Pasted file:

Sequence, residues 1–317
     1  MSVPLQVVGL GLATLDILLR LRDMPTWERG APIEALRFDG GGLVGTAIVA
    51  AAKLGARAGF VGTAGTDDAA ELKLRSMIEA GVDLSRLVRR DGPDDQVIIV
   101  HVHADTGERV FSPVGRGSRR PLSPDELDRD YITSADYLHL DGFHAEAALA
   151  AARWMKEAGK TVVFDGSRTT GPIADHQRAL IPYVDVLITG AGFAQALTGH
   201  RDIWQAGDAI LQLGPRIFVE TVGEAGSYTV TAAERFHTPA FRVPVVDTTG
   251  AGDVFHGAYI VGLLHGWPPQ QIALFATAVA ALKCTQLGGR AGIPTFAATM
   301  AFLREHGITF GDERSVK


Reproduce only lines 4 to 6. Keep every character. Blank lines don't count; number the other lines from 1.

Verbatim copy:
   101  HVHADTGERV FSPVGRGSRR PLSPDELDRD YITSADYLHL DGFHAEAALA
   151  AARWMKEAGK TVVFDGSRTT GPIADHQRAL IPYVDVLITG AGFAQALTGH
   201  RDIWQAGDAI LQLGPRIFVE TVGEAGSYTV TAAERFHTPA FRVPVVDTTG